Jesus said, “. . . you should pray,” but prayer is boring, right? I want to ask a question. Do we enjoy spending time with a person who is boring and place demands of our time and causes us to feel obligated to do things for him or her? I don’t. Here is my point. God is boring to many people. We would never admit that, but we feel he is boring. We think church is boring. Having to sit here and listen to me talk is boring. But should any of these be boring? Should prayer be boring? Of course it should not. Jesus is about to help us.
As with everything in the kingdom, the attitude by which we approach it makes all the difference. As we have seen by the way the hypocrites and pagans pray, prayer can be a waste of time. If done with the correct attitude, prayer can give us tremendous understanding about life and bring us great success. Prayer will keep us walking in the favor of God and man. Prayer will help us avoid failure in life. In short, prayer can be the difference of a successful life or a life of heartache and failure. It begins with our attitudes.
Matthew 6:9 This, then, is how you should pray: “Our Father . . .”
“OUR . . . “: It is interesting that Jesus did not tell us to say, “My Father . . .” He said to say, “Our Father.” The prayer begins with the word “Our.” God is “Our Father.”
Saying, “Our Father” will connect our lives with the lives of others. Never do the scriptures encourage the isolation of the Believer. The opposite is true. We are encouraged to fellowship with one another, pray for one another, assist one another, love one another, forgive one another, and so on and so forth. Saying “Our Father” helps us realize that we truly are brothers and sisters. We not only need Father. We need one another. Praying “Our Father” allows me to think about my friends and pray for them. It allows me to pray for people who need prayer for whatever reason. It helps me pray for people that I have let down.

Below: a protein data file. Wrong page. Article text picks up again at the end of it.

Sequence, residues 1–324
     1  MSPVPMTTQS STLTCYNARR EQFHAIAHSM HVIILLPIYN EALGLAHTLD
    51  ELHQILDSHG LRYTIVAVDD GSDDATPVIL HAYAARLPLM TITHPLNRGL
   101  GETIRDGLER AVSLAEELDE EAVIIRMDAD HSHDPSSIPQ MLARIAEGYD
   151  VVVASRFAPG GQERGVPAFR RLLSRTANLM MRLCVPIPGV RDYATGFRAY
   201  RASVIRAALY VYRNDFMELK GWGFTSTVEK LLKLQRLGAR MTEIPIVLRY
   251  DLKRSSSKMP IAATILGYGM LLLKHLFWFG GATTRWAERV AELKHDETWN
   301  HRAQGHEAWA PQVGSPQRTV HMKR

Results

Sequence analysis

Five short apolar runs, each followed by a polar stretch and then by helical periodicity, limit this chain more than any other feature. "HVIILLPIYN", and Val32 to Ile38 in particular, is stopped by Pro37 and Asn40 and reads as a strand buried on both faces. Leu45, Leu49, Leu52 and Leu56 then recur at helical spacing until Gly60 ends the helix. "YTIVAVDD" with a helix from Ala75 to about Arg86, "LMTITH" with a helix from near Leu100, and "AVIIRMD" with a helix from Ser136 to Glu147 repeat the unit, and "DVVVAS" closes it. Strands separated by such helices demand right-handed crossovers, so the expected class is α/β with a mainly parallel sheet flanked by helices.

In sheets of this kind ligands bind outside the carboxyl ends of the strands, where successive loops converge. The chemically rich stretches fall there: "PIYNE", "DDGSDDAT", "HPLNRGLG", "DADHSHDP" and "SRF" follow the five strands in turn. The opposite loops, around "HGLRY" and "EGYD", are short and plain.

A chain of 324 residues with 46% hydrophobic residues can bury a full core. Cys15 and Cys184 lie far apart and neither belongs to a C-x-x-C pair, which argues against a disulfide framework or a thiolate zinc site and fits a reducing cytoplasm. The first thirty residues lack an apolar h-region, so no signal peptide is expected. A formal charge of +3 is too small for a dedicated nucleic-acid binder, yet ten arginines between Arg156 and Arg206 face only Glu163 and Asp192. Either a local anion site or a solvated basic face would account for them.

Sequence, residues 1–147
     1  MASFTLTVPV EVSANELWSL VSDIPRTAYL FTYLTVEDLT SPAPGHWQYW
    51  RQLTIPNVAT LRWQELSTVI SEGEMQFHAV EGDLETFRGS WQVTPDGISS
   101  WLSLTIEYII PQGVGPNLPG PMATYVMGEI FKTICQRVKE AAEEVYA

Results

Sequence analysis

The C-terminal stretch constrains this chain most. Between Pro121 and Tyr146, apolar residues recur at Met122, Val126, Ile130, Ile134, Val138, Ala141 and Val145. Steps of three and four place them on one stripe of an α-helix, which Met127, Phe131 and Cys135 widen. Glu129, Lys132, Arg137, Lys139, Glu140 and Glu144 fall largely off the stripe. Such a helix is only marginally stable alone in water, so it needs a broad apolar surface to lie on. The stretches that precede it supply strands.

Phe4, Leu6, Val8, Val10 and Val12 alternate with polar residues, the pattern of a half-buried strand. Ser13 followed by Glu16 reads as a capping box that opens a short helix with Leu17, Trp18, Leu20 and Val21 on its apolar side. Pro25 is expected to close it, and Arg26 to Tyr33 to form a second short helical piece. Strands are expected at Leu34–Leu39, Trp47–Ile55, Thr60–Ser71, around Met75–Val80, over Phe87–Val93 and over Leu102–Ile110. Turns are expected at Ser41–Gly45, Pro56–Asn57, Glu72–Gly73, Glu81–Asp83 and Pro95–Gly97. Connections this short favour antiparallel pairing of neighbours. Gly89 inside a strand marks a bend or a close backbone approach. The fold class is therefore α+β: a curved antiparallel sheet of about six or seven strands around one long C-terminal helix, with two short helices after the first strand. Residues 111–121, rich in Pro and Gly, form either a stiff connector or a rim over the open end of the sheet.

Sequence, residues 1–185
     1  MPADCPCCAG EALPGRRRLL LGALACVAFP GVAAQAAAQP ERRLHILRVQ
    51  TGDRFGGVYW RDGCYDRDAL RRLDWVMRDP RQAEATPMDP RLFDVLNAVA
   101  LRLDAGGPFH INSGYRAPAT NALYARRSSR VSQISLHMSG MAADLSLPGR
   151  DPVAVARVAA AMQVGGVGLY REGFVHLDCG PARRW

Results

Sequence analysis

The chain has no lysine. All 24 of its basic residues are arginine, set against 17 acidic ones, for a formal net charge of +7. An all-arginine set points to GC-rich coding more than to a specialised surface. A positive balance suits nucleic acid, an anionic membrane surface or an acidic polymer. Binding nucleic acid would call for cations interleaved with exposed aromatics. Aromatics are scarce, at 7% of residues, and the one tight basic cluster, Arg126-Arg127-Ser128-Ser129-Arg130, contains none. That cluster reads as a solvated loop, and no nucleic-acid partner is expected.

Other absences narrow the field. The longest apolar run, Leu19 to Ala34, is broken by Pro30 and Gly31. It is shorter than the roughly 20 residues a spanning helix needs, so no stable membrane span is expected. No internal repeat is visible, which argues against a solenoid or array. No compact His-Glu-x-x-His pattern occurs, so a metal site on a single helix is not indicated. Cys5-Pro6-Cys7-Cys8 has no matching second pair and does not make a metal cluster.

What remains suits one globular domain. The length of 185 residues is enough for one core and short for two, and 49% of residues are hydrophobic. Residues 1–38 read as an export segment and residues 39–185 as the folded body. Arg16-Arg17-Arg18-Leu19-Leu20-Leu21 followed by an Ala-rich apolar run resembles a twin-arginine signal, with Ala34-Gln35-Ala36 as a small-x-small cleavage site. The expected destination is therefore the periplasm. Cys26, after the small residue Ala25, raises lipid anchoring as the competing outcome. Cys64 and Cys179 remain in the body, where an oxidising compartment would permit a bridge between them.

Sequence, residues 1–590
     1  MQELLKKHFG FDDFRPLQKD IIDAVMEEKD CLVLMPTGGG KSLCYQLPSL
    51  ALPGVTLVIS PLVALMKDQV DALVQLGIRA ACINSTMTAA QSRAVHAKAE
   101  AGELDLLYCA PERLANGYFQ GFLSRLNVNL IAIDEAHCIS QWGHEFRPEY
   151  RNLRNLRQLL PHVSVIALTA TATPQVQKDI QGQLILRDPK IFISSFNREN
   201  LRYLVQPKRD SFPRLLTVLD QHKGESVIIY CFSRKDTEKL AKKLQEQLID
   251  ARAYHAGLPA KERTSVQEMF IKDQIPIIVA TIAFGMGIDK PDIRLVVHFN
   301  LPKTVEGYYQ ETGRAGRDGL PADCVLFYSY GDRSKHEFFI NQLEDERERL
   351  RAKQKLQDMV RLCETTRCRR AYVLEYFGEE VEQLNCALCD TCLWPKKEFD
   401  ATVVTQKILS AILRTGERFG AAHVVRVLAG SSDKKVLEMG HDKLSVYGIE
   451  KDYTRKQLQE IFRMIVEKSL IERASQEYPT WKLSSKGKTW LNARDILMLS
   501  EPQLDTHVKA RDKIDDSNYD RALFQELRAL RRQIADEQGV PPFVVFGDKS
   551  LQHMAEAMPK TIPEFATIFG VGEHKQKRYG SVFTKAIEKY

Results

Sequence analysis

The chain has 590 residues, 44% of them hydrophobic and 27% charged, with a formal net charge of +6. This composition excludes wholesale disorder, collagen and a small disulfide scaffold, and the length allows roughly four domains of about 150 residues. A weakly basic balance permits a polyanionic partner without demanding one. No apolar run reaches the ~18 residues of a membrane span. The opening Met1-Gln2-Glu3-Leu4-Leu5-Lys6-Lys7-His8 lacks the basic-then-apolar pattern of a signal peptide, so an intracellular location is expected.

When we pray “Our Father,” we are all on level ground. What I mean is that I realize that I have some white brothers and sisters and I have some black brothers and sisters. I have some Jewish brothers and sisters and I have some Gentile brothers and sisters. I have some wealthy brothers and sisters and I have some that are not wealthy. When I pray “Our Father,” I see the world differently. If prejudice is there, I get to talk to Father about it. If we could really get a handle on this one thought, what would happen to racism, prejudice and poverty? I do not agree with Communism, but I do like common-ism in that we are here for each other and not only for self. We are on level ground when we say, “Our Father.” Jesus said we should begin with the word “Our.”
How are we on this one? Any racism or prejudice in your heart? Remember, God is “OUR Father.”
Matthew 6:9 This, then, is how you should pray: “Our Father . . .”
FATHER: Jesus began teaching about the ‘nuts and bolts’ of prayer in a unique way. In the Old Covenant, God had many names. Basically he was the God of whatever was needed. He would supply the need and then be given that name. Following is a list of 115 names of God from the Old Testament.
Elohim: first name for God found in the Old Testament -“strength, might, power.”
Elohay Kedem – God of the Beginning
Elohay Tz’vaot – God Of Hosts, or God of Armies
Elohay Mishpat – God Of Justice
Elohay Selichot – God Of Forgiveness
Elohay Marom – God Of Heights
Elohay Mikarov – God Who Is Nea
Elohay Chasdi – God Of My Kindness
Elohay Mauzi – God Of My Strength
Elohay Tehilati – God Of My Praise
Elohay Yishi – God Of My Salvation
Elohay Elohim – God Of Gods
Elohay Tzur – God Of Rock
Elohay Kol Basar – God Of All Flesh